Even with grid electricity now on site, Somsak was still interested in using a nearby stream to generate electricity to power some of the center’s loads. Somsak said that he had tried his hand at hydro-electricity several years ago, and rehashed one failed attempt that involved a makeshift Pelton turbine he made from a bicycle wheel and an automotive alternator. After talking some more about the water resource at the center, I said, “Well, I know of a turbine that I can bring up. Let’s do it.”
In November, I made my way back to Mae Klang Luang with a $90 Vietnamese-manufactured, low-head hydro turbine in hand. While the use of these turbines is still fairly uncommon in this region, they are popular with the few locals who already use them, primarily due to the units’ low cost. The fact that the technology is pretty straightforward is attractive too. There are few parts, worn-out bearings can be easily replaced, and the weir and waterway that deliver water to the turbine can be inexpensively built using local lumber, rocks, sandbags, and bamboo.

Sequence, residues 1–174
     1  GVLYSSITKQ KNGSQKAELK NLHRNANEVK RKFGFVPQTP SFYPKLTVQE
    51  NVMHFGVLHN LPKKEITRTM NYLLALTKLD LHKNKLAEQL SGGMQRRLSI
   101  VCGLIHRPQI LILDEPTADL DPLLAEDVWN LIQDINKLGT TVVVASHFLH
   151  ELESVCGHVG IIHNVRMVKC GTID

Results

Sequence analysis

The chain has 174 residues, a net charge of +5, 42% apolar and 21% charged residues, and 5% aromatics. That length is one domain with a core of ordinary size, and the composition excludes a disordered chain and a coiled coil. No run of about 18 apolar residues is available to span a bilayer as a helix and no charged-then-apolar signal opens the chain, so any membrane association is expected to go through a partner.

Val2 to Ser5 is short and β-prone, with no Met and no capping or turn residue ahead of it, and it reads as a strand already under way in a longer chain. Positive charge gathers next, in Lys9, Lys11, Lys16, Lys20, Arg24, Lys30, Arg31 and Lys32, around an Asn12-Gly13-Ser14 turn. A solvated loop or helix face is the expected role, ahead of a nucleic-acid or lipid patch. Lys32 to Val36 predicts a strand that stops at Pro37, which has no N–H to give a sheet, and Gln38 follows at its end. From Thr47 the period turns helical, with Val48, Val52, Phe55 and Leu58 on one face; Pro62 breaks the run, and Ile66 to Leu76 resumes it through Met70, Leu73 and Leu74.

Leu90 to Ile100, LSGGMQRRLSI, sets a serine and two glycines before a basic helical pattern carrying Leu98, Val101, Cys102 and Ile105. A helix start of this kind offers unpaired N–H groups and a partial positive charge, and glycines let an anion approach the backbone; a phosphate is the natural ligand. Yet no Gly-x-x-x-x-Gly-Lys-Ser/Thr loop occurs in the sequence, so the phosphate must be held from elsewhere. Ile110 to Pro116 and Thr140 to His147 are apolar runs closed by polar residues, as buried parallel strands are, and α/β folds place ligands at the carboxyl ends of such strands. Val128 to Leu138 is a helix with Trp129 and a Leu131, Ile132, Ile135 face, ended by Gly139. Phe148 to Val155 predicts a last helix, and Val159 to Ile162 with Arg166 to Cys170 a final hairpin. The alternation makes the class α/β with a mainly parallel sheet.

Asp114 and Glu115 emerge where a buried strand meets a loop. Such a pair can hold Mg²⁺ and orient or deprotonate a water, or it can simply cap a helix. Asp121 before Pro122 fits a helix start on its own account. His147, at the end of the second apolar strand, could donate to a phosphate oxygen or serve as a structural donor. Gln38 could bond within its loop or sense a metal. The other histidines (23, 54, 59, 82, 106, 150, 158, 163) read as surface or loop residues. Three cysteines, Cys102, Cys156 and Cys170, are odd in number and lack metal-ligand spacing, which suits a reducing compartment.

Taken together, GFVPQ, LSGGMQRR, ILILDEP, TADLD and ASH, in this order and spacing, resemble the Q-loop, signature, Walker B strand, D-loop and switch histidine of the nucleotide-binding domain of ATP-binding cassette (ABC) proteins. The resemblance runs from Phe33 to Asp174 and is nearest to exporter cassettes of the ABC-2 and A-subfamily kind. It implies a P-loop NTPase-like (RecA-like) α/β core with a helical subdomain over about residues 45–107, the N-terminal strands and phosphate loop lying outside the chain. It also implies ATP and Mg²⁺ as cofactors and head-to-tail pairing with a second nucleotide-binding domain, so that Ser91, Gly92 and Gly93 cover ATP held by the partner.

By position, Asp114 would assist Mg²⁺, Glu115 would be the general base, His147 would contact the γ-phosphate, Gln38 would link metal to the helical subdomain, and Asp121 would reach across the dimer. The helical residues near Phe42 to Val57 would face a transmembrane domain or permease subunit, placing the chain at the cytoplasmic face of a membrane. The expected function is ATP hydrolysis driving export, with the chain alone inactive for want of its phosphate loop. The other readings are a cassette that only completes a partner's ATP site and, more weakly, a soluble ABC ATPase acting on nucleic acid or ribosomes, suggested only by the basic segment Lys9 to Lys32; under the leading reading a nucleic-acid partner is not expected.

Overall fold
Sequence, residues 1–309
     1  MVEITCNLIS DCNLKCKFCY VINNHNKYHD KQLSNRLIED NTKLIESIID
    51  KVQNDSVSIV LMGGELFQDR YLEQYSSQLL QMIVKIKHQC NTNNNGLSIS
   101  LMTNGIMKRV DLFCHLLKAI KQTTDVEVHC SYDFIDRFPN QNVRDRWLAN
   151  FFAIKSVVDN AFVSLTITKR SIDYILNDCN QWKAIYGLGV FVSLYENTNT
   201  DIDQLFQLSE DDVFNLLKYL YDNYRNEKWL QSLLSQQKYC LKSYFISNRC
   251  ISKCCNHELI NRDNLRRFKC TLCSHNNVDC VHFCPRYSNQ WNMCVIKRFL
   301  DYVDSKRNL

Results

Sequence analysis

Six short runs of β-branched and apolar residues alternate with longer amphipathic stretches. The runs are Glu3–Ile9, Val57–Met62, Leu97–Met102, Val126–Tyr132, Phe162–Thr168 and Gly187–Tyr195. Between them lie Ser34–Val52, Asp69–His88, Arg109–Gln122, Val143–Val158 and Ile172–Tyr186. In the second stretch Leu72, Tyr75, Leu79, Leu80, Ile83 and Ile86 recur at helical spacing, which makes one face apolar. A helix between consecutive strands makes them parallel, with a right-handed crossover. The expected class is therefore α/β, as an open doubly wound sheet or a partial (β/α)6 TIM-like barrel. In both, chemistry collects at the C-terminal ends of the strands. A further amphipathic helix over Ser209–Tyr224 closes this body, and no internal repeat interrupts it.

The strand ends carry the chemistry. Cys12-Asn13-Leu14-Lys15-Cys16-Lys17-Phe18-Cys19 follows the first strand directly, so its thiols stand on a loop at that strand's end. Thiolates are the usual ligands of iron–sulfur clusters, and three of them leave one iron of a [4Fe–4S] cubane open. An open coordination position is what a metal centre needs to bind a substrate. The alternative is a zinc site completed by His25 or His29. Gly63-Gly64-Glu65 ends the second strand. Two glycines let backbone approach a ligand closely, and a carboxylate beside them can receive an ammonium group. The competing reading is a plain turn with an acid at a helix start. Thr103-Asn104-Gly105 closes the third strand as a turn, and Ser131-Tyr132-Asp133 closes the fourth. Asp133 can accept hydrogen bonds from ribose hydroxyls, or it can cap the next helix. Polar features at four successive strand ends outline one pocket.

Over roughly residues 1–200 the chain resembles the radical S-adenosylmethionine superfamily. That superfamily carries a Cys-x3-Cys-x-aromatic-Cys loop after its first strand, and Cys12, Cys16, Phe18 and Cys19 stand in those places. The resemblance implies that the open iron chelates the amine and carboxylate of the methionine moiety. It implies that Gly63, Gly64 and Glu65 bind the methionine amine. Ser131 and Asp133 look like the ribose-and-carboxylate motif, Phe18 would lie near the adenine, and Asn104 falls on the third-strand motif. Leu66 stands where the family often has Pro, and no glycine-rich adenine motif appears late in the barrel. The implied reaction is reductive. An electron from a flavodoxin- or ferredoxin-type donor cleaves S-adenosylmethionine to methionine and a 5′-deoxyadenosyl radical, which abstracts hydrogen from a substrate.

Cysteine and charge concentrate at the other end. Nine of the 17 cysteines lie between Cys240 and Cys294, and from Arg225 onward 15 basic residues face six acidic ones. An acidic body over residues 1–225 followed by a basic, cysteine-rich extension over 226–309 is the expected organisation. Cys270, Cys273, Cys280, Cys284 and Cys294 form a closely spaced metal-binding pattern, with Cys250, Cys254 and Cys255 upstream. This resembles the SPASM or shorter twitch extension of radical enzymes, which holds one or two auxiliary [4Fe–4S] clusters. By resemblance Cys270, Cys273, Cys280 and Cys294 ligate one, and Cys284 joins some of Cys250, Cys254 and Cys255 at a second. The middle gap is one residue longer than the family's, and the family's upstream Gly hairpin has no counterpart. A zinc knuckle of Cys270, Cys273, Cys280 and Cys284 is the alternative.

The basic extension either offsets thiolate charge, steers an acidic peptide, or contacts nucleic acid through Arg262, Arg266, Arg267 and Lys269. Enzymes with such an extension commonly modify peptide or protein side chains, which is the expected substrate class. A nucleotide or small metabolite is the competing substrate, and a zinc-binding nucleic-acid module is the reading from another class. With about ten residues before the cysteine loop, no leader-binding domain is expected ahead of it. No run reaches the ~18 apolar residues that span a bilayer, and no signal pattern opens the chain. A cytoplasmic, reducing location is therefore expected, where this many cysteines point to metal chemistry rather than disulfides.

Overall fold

The turbine I purchased for Somsak’s installation came equipped with a guide vane and propeller assembly, a 2-foot-long enclosed shaft, and a permanent-magnet, 220-volt (nominal) AC alternator. The $90 price tag also included a small voltage controller. The turbine/controller combination is designed to power AC loads directly, without any kind of battery storage in the system. If the combined household electric load is insufficient, the controller’s simple transistor circuit drives a silicon-controlled rectifier (SCR) to maintain a constant load on the turbine by diverting excess electricity to a resistive submersible heating element. This control method regulates the turbine’s AC voltage.